The dawn of second layers (L2) is slowly making its way through the crypto tubes with locked sums up by another half a billion on all tracked L2s.
Arbitrum is attracting much of it because it has Sushiswap and Curve, with $2.7 billion locked. dYdX has seen a 50% growth to $370 million with the second main contender for generalized L2 scaling, Optimism, currently at just $245 million.
That may be in great part because Optimism has a secret whitelist. It’s not know what dapp is in it, with the company apparently keeping it in “just a google form,” we’re told.
“We were really disappointed in the non preferential treatment we got,” Joseph Delong of Sushiswap said. “First in line, first to deploy. That’s fair,” was Optimism’s public response.
“We have been coordinating with Sushi. The challenge has been onboarding larger/complex projects with the current OVM compiler. Which is why Optimism is basically reducing the ovm to have a minimal diff with the evm for the next network upgrade that is scheduled for Sept. 28th,” a spokesperson for Optimism said.
Sushi on the other hand says the “Optimism team gave preferential treatment to the project backed by their backers.”
Venture Capitalists (VCs) that have invested in Uniswap have also invested in Optimism. On the other hand Alameda Research of Sam Bankman, who ‘rescued’ sushi and kind of took over, although sushi spokepeaple say he now has no influence, has invested in Arbitrum.
Sushi is on Arbitrum, but not on Optimism. The project however says their L2 strategy is to deploy on them all. Presumably that will be the approach of most dapps. Uniswap for example has deployed on Optimism as well as on Arbitrum.
It has just $37 million of liquidity on Arbitrum however (pictured), and $32 million on Optimism, compared to $2.6 billion on mainchain.
Part of that may be because a lot of these dapps are almost totally connected to the point a dapp on its own is kind of useless without the other ones.
To illustrate, we wanted to test what we’ll jokingly call a house of cards. So first we get some SNX on a centralized exchange because it doesn’t cost $60 in fees, but just $5 to transfer it to our Metamask.
Then we try stake this so as to mint some sUSD. We wanted to use this sUSD in a Curve pool to get some CRV. The CRV was then going to go to Convex to get some CVX.
So we’re yield all the way, and house of carding because from $1 we’re in theory creating some five tokens as there’s also veCRV (voting Curve) and cvxCRV (voting Curve but through Convex).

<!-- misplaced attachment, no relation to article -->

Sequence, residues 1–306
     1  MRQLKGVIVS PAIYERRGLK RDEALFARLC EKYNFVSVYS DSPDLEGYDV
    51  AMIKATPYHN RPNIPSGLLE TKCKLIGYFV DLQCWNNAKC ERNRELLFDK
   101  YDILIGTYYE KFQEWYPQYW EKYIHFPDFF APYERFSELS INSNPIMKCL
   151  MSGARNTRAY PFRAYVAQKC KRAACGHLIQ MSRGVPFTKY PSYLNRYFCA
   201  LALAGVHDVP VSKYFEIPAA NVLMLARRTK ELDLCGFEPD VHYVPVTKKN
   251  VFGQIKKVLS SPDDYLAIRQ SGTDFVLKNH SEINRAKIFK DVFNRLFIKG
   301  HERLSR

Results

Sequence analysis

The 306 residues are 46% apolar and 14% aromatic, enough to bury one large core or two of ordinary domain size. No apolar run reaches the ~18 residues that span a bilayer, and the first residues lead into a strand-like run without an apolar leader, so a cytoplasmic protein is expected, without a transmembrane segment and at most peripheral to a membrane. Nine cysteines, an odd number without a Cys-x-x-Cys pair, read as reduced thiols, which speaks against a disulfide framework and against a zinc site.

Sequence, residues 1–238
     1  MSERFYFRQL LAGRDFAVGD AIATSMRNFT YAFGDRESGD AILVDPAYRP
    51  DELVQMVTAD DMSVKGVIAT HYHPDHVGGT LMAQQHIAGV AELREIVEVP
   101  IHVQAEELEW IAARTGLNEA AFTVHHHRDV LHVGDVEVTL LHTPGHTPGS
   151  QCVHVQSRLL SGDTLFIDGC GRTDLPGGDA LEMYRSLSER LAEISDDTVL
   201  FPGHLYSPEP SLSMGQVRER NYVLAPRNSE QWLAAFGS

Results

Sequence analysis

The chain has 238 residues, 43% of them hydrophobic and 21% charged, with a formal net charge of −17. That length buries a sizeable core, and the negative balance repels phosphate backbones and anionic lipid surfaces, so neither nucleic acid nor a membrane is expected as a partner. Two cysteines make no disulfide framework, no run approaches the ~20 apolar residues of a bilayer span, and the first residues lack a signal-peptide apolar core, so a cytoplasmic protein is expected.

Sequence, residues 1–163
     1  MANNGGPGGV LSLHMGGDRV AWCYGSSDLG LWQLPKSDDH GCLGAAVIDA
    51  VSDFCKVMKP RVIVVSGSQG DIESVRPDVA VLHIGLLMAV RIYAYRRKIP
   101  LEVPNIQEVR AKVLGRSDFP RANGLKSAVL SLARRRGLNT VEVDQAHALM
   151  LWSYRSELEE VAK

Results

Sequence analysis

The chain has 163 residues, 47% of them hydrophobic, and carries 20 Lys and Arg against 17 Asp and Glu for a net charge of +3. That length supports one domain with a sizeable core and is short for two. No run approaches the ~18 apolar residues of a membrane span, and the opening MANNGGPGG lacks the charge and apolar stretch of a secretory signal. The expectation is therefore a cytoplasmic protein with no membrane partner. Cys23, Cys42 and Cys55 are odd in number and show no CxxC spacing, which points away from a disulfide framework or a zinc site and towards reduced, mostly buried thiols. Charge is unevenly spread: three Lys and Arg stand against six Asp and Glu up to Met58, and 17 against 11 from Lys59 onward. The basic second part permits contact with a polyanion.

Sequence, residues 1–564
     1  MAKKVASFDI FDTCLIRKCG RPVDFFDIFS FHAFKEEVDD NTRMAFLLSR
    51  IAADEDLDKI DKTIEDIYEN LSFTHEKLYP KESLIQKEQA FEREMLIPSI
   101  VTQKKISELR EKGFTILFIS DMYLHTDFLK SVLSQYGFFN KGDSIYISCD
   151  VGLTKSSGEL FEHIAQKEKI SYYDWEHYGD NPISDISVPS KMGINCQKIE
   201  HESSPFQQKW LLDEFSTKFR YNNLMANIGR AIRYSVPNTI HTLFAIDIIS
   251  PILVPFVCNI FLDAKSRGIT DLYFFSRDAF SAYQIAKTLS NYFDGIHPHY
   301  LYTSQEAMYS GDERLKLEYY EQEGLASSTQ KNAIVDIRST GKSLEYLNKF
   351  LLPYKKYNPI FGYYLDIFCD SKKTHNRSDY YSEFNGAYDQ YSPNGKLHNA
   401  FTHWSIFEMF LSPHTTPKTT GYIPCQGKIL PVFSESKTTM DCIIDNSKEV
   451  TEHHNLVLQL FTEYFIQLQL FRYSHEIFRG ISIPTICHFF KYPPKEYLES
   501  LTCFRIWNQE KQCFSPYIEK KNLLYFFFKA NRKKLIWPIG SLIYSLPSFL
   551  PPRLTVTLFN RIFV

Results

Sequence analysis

Brilliant right, or dum, but whatever some amount locked and forgot for naught or king of the world.
The problem is to do this on mainnet probably costs us at least $400 taking into account all the ‘approve’ pre-transactions. So great opportunity to test this L2 stuff.
We can’t, because SNX is on Optimism, Curve is on Arbitrum, while Convex is on neither and thus for our purpose they all become useless.
Curve is also having some mini-problems of its own on Arbitrum mainly due to low liquidity, with L2s effectively creating two different dapps where liquidity is concerned, but this is to be expected in these day zero situations so we would have been happy to pay what would have cost $20 on Arbitrum or Optimism to see what this carding would translate to in raw numbers with something like $100.
But we can’t for now. That may change, SNX may deploy on Arbitrum or Optimism may drop it’s whitelist, although the project say they don’t quite have a timeline of when they may do so.
Then if the dapps re-create the current universe on these and other L2 chains, the user decides. However whatever the L2s may say, they are fundamentally competitors, and presumably they know very well that one of them has to be dominant as liquidity fragmentation will converge.
That makes this a bit of a Hunger Game for the L2s themselves as they may see it a winer takes all. So Arbitrum hasn’t open sourced itself fully while Optimism has a whitelist.
Arbitrum’s launch moreover may have cost some investors as that Nyan token has gone from $8 to $0.50. There have also been some problems with the sequencer which kind of paused the chain, with the debut not quite smooth.
But for now no one quite knows whether this is just expected newly launched pains or the sign of awaiting replacement with the L2 space having just began.
The gains of course can be immense. Validators get a cut of the fees, and eventually you’d think that will reach the point of sufficient to cover cost plus some profit. The eventual one that gets full adoption will be decentralized. To guard against all things it will probably need a token that shares revenue with validators while the fees being in eth. The value of that token, depending on the execution of the L2, is then potentially a second eth.
So there’s vital interests on how all this develops with any risks of balkanization probably short term as eventually network effects will impose themselves.
To not be chained from that imposition in a decade or two, all have to be on guard and effectively vote through liquidity for the platform that has the most functionality with the least ability for abuse.
Just what that is, will probably be answered during the bear if other contenders even launch prior to next bull, with the atmosphere now more just try all the things and see what works as the price of any balkanization currently is very small.
Eventually there may be solutions to move funds from L2 to L2 through L2 banks of sorts, but liquidity providers (LP) tokens probably can’t talk through chains so what we’re looking at basically is the rise of a new eth and thus those are the criteria that should be applied, as well as the expected behavior, when judging L2s.